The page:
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P264 Predicting mortality in hospital acquired pneumonia: a multivariate analysis
  1. CB Morris1,
  2. S Valapraya2,
  3. E McCance1,
  4. AM Turner1,
  5. D Dosanjh2
  1. 1Heart of England NHS Foundation Trust, Birmingham, UK
  2. 2University of Birmingham, Birmingham, UK

Abstract

Background Hospital Acquired Pneumonia (HAP) is defined as lung infection in a non-intubated patient with new infiltrates on chest X-ray, >48 hours after hospital admission. Prediction scores exist for Community Acquired Pneumonia (CAP); no such scores exist in HAP. We aimed to identify features which are predictive of mortality in HAP.

Methods All cases coded as HAP in Heart of England Foundation NHS trust in 2013 trust were identified (293 cases). For each of these cases the chest X-ray (including radiologists report) was reviewed; if X-ray did not show infiltrates consistent with pneumonia, cases were excluded leaving 153 cases for whom case notes were reviewed. Cases were excluded if diagnosis of HAP was made <48 hours after admission leaving 136 cases. Data was collected regarding demographics, co-morbidities, investigations, observations, mortality during admission and within 12 months.

Univariate analysis was conducted to identify features associated with mortality. Multivariate analysis was completed using identified associated features.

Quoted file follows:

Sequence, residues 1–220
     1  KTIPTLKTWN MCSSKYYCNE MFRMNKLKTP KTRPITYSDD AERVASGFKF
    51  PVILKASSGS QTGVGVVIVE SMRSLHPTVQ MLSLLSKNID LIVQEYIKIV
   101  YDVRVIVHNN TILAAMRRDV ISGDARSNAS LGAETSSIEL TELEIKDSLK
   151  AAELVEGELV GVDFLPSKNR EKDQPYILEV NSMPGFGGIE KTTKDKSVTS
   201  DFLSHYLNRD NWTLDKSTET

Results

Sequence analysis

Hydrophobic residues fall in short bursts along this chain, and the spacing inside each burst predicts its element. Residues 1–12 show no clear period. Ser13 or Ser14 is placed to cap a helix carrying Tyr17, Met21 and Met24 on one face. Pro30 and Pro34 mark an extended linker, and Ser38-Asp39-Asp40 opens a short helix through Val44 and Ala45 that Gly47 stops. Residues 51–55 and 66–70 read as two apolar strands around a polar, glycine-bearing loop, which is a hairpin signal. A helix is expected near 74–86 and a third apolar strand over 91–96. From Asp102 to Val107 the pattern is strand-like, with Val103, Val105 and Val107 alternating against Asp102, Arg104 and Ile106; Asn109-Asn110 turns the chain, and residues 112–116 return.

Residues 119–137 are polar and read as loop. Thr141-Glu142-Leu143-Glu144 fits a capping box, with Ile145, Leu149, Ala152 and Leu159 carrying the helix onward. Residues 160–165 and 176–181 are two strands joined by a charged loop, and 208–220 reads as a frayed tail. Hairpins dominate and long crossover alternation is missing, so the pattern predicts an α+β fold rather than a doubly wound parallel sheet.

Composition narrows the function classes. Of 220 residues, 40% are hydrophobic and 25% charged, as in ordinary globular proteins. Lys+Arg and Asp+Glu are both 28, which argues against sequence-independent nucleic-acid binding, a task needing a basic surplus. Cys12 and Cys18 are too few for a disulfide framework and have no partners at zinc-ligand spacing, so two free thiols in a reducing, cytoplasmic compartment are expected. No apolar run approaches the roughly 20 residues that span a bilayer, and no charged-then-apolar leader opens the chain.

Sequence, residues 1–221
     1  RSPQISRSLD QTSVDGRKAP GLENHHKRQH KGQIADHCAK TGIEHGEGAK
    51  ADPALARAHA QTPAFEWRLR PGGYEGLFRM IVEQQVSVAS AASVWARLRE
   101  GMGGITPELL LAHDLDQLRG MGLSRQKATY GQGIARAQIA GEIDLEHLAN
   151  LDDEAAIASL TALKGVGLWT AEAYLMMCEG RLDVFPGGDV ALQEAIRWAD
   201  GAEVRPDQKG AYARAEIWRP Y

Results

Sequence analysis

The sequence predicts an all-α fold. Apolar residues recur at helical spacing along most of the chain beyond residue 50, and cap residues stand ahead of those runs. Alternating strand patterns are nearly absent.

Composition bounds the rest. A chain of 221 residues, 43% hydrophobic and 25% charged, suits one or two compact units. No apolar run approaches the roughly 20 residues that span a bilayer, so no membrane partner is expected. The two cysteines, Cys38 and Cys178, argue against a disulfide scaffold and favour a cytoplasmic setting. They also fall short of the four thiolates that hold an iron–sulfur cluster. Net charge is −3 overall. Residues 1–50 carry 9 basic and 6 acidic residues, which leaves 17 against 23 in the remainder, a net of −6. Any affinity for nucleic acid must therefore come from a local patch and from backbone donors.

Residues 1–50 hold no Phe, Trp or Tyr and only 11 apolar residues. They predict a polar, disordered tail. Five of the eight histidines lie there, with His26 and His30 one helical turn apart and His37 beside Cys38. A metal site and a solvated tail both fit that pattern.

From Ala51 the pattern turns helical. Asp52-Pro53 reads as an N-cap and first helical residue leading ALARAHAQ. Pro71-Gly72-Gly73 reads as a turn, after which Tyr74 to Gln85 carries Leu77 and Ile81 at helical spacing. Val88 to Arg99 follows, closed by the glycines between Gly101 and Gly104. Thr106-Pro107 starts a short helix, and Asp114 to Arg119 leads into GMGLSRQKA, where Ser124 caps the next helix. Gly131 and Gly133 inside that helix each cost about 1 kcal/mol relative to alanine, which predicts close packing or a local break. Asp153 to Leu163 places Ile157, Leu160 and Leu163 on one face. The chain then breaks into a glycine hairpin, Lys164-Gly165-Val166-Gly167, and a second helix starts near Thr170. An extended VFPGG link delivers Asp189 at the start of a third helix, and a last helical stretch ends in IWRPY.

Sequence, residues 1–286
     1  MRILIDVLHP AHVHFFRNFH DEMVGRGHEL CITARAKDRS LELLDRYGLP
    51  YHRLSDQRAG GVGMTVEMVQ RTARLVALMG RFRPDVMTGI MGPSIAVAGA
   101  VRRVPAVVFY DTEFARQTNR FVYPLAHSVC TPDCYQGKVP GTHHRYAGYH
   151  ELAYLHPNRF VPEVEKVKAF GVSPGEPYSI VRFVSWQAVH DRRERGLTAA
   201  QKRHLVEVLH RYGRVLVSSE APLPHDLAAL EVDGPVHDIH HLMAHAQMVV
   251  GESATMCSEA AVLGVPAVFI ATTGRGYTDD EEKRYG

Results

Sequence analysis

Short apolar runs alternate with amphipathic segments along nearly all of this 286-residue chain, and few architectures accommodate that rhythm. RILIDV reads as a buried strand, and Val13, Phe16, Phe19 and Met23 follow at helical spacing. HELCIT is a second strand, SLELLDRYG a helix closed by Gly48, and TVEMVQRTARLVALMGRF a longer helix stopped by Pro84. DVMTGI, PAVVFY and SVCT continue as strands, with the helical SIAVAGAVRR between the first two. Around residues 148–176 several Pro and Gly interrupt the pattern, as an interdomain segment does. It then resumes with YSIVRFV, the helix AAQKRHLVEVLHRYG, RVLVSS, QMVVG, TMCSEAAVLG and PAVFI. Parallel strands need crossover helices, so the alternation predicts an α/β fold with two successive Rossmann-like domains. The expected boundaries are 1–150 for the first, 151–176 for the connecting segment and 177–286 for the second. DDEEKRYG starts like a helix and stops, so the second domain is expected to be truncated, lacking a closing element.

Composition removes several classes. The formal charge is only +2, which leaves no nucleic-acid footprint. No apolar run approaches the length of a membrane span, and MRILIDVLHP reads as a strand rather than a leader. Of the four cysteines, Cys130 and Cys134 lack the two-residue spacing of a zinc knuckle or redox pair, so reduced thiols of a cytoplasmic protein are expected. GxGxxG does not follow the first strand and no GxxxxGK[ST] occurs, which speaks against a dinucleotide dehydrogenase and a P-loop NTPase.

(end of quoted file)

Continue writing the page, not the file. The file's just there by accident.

Results Sixty-four cases (47.0%) died during admission; and a further 32 within 12 months (70.5%).

Demographics: Mean age was 81.6 years (range 52–98); mean number of co-morbidities was 5 (range 0–11). Mean haemoglobin was 110.9 g/dL. The mean white cell count (WCC) was 13.68 × 109/L (range 1.87–51.7 × 109/L). Mean urea was 10.5 mmol/L (range 1.9–6.1 mmol/L)

Univariate analysis: Table 1 shows the results of the univariate analysis.

Multivariate analysis: Only combination of raised urea and raised or low WCC were significantly associated with mortality (p = 0.024). Adding features of age, observations and co-morbidities did not improve prediction of mortality.

Abstract P264 Table 1

Conclusion Prediction of mortality in HAP is more complex than in CAP. On multivariate analysis, raised urea and raised or low WCC were predictive of mortality. Other features including age, number of comorbidities and observations at the time of diagnosis were not associated with mortality. This perhaps reflects our elderly cohort, with the majority having multiple co-morbidities, with very small numbers aged <65 years or with few co-morbidities. Further work with a larger dataset is ongoing.

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